Former Nobel Peace Prize Winners Join hundreds in Protest of EU

By Matt Cantor,  Newser Staff

(NEWSER) – The European Union officially received the Nobel Peace Prize today in an Oslo ceremony attended by some 20 EU leaders, including Angela Merkel, Francois Hollande, and UK deputy PM Nick Clegg. The prize committee applauded the EU’s efforts toward peace in Europe after World War II, and called leaders to work together amid the economic crisis, the AP notes. This year’s ceremony was more austere than usual, with prize money cut 20% and fewer chauffeured cars for winners,Reuters reports. Protesters in Oslo and worldwide voiced opposition to the award.

Previous winners, including Archbishop Desmond Tutu, Northern Ireland’s Mairead Maguire, and Argentina’s Adolfo Perez Esquivel, said the $1.2 million in prize money shouldn’t be paid out this year; the EU, they said, uses military power for security, which isn’t in keeping with the prize’s ideals. Yesterday, hundreds of protesters took to the streets in Oslo, chanting, “The EU is not a worthy winner,” the New York Times reports. Peace activists argued that a prize initially aimed at disarmament shouldn’t go to the bloc, while a Greek MP said the EU had “pushed my country and the whole of southern Europe back to the Middle Ages.”

Hundreds of Sudanese in protest call for ‘revolution’


Hundreds of Sudanese called for “revolution” on Monday, the second day of protests in support of four dead students originally from the conflict-plagued Darfur region.

Their deaths, following a crackdown on a tuition protest at Gezira University south of Khartoum, have sparked the largest outpouring of Arab Spring-style discontent since anti-regime protests in June and July.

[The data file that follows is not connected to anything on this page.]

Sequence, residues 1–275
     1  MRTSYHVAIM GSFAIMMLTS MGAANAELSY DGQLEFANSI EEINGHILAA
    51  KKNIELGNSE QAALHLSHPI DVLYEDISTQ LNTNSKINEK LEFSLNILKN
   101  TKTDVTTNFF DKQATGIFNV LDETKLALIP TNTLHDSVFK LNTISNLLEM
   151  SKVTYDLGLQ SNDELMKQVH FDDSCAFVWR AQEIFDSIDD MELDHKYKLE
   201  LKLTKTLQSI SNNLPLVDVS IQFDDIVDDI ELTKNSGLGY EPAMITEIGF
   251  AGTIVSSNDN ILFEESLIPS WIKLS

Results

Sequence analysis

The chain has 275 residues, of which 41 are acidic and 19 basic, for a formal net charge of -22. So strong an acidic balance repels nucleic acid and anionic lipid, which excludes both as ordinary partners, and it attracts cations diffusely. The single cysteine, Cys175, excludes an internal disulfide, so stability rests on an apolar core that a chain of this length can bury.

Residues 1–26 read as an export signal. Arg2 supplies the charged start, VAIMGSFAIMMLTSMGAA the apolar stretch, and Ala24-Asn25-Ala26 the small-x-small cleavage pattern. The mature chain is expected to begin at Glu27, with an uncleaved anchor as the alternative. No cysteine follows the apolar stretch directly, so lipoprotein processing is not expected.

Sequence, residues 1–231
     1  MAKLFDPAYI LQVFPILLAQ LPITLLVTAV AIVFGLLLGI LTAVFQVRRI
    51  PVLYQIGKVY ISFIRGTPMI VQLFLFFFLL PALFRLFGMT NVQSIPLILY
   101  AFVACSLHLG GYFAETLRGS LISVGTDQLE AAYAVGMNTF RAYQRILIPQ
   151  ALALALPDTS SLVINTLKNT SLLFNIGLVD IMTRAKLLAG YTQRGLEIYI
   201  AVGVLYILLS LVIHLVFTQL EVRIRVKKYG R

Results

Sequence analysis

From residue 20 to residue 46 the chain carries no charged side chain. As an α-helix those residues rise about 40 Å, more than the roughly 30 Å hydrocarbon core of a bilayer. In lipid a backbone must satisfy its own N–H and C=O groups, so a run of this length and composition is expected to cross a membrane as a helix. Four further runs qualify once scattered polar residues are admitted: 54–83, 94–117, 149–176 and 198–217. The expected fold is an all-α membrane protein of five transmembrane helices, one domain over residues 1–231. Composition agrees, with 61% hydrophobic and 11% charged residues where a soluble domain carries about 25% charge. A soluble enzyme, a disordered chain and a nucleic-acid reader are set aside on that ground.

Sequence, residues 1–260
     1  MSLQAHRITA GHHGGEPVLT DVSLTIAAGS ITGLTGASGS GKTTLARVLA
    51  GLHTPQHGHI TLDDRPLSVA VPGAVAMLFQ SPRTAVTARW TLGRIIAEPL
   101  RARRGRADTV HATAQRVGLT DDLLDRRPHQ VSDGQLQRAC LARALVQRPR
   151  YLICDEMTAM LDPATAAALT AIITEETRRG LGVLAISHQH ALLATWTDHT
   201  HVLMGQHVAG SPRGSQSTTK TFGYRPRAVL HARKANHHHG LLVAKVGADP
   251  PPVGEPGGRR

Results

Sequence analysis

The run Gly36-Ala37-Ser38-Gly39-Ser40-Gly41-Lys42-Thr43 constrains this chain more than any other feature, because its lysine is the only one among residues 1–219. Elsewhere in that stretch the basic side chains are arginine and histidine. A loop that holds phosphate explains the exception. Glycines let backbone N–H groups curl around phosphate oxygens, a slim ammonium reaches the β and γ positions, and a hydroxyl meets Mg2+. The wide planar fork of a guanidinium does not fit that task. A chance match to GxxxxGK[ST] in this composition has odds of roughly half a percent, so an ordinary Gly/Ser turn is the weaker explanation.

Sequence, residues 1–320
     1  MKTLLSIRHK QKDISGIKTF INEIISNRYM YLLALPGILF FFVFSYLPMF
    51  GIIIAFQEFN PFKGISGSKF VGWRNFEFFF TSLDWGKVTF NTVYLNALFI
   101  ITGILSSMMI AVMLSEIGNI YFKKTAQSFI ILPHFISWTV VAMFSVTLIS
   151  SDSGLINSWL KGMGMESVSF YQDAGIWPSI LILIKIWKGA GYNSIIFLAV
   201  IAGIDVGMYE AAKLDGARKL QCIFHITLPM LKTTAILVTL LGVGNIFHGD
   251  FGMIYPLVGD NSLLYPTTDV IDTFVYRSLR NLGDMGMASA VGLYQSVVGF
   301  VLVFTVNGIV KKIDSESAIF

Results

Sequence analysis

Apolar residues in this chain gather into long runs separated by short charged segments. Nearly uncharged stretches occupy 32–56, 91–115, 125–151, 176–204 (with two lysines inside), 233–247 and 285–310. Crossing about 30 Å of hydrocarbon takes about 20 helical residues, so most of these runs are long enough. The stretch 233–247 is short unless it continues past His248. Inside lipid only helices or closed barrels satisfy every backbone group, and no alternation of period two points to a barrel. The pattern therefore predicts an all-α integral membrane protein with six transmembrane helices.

A crowd of about 700 people came out of Nilien University shouting “Revolution until victory” and “Killing students is the killing of the nation!”, an AFP reporter witnessed.

Police responded with tear gas and some protesters were beaten with batons, he said.

Some scattered into the city’s main bus terminal nearby, where several truckloads of riot police were already on standby.

An AFP reporter also observed pickup trucks with plainclothes security agents in the area, the scene of violent clashes on Sunday.

The main road through the bus terminal was charred from a fire which burned during Sunday’s unrest when, an AFP reporter said, six people were injured, a bus was torched, and police fired tear gas.

Official radio said 47 people were detained on Sunday when hundreds also protested.

In June and July demonstrations began at the University of Khartoum over high inflation and then spread to involve scattered protests throughout the country, calling for the fall of the 23-year regime of President Omar al-Bashir.

They petered out following a security clampdown.

In 1964, the death of student activist Ahmed al-Qureshi sparked the “October Revolution” which ended the military regime then in power after tens of thousands protested.


Destroying Syria to Save it

Sun, 9 December 2012

Visit to see the shownotes for today’s episode, or click here.

On today’s show, I discuss:

Direct download: PNN_PRR_001_2012-12-09_Destroying_Syria_to_Save_it.mp3
Category:general — posted at: 10:25 PM